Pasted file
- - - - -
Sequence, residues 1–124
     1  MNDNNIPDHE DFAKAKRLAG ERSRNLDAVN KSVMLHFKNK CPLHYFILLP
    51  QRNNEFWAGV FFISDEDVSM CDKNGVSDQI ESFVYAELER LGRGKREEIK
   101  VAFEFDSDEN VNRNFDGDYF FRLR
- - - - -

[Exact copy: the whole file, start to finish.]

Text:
Sequence, residues 1–124
     1  MNDNNIPDHE DFAKAKRLAG ERSRNLDAVN KSVMLHFKNK CPLHYFILLP
    51  QRNNEFWAGV FFISDEDVSM CDKNGVSDQI ESFVYAELER LGRGKREEIK
   101  VAFEFDSDEN VNRNFDGDYF FRLR